Wednesday, May 27, 2015

Someone (Ahem) Did a Statistical Analysis of Vox.com Photos, And It's Actually Pretty Depressing

    The other day, Vox.com ran a piece entitled "Someone did a statistical analysis of New Yorker cartoons, and it's actually pretty depressing." The semi-serious article presented the findings in the "semi-satirical journal Proceedings of the Natural Institute of Science" regarding the race and gender of characters in the semi-iconic New Yorker cartoons. The study found that "[o]ut of 1,810 total characters, 1,277 (about 70.6 percent) were male, and 1,714 (94.7 percent) were white." Vox writer Joseph Stromberg argues that there is a "need for accurate representation of nonwhite guys", and not just in movies and on TV. Stromberg quotes Amy Rothschild of the FiveThirtyEight blog asserting that it's a problem "[w]hen whole groups of people appear as stereotypes or not at all[.]" Rothschild was referring to children's books, but Stromberg says "adults are impressionable, too."
     After reading the article, I became curious about what impressionable adults might find to skew their something-other-than-the-content-of-a-persons-character worldview on the site where the article appeared, Vox.com. Since Vox does not regularly produce cartoons, I decided to use as a proxy a Google search of the Vox.com site of the first 100 facial images since the beginning of 2015. (Small sample size, but I have staff limitations.) You won't, as they say, believe what happened next:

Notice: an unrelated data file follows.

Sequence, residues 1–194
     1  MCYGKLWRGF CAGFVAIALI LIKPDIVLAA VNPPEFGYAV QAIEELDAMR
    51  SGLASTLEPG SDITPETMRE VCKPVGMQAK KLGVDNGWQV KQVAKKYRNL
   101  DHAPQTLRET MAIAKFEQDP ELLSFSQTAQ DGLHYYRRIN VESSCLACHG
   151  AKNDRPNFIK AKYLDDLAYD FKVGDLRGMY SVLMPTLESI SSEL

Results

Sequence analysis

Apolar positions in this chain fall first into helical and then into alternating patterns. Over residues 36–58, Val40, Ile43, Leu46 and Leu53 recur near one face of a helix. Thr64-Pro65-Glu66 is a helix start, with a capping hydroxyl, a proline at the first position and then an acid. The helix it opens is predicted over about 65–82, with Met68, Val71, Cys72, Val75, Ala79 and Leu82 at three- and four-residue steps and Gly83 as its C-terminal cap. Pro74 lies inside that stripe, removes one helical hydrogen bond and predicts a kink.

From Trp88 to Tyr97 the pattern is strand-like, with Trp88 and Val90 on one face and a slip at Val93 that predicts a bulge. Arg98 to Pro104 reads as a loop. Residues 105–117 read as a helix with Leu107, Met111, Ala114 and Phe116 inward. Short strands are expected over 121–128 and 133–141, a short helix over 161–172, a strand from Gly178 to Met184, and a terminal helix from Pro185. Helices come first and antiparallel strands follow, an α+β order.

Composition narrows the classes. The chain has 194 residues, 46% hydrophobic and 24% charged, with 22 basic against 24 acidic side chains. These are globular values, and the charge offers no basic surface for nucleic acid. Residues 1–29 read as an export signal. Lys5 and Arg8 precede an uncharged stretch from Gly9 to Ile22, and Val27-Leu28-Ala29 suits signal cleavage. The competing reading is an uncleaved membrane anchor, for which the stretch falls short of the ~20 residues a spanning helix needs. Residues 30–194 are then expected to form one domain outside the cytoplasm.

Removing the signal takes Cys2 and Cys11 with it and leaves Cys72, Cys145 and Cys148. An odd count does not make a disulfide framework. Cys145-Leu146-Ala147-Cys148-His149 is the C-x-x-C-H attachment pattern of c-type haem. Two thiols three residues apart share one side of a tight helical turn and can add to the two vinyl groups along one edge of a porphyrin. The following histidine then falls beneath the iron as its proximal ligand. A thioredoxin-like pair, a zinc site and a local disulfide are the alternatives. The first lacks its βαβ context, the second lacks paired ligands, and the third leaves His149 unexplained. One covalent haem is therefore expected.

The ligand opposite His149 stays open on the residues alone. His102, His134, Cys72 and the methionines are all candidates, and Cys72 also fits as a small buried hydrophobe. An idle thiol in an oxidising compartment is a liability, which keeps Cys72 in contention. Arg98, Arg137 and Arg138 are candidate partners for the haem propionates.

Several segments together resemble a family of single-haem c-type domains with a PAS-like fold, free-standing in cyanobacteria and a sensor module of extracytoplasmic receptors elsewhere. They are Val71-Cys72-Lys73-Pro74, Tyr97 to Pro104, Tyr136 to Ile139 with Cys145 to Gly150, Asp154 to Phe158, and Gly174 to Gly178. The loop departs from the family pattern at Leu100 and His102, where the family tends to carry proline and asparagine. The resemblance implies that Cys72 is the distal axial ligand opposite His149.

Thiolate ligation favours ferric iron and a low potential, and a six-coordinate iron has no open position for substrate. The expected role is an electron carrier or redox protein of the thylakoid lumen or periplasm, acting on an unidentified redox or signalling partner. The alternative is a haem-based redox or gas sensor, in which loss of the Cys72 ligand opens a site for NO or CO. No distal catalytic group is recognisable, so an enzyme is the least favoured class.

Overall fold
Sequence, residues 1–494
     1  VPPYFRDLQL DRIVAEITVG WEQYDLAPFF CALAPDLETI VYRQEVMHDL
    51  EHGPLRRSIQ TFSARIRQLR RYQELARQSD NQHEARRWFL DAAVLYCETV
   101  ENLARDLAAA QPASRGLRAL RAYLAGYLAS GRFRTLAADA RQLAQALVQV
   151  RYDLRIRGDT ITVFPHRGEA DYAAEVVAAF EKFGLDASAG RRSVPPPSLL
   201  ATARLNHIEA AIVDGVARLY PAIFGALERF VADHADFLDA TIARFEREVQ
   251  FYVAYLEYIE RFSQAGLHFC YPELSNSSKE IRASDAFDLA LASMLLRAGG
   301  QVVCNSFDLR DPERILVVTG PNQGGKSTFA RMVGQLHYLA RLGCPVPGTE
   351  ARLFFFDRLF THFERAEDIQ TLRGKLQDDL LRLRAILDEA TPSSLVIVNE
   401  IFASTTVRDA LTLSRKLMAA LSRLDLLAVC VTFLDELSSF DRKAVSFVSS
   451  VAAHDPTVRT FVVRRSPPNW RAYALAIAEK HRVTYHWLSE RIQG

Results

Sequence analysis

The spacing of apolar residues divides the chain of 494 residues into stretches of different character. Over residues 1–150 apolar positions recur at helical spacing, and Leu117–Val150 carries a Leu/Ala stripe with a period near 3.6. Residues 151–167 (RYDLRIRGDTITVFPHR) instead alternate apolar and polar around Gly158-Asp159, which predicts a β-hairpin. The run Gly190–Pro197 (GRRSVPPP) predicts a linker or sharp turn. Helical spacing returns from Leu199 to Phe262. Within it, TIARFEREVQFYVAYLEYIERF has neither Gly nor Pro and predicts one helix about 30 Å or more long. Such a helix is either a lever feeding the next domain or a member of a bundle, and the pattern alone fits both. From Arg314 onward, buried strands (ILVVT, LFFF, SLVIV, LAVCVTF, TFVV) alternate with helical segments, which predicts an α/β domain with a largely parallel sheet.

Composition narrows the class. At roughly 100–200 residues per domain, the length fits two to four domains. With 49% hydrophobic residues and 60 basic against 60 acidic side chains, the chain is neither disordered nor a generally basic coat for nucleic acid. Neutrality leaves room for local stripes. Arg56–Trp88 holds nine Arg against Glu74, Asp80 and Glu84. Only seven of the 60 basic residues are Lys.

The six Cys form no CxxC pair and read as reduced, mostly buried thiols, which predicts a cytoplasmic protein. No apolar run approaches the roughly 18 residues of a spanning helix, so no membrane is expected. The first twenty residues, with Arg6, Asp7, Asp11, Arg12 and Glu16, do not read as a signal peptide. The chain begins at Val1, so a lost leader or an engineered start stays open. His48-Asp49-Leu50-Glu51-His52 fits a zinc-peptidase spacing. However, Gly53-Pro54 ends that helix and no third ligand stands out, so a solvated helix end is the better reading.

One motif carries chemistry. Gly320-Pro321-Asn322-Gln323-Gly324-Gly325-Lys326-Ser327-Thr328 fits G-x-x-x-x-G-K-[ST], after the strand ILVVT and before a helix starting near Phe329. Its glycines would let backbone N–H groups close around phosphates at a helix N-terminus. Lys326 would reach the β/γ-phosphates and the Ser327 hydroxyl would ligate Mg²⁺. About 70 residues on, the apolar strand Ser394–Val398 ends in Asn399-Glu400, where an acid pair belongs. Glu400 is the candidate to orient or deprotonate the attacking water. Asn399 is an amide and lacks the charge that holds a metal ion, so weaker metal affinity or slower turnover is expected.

Read 'em and weep:
  • 81% "white dudes", as Vox likes to say
  • 9% women, all white
  • 10% non-whites (and four of them are President Obama)
     Others may come up with slightly different figures. I am particularly bad at guessing a person's race (maybe that's a good thing?)
     Anyway, to try to eliminate the possibility that Google itself is the culprit in white-male-skewing the results, I also conducted a general (the whole web) image search for "faces" since the beginning of the year.

     At a glance, the results seem more eclectic (certainly more women than men), but I did not conduct a full statistical analysis (again, staffing issues...).
     I decided to do a few more for comparison. Here's the New York Times:

     Looks like quite a variety.

     How about MSNBC?

     Whoa. Elizabeth Warren is looking pretty lonely there, eh, MSNBC?
     And finally, just for fun, The New Yorker's website:

     It appears the "white dude" dominance at The New Yorker is largely confined to the cartoons.

     So what conclusions can we draw from these analyses? Got me. I think I got a C in Statistics in college. I told you we have staffing issues.

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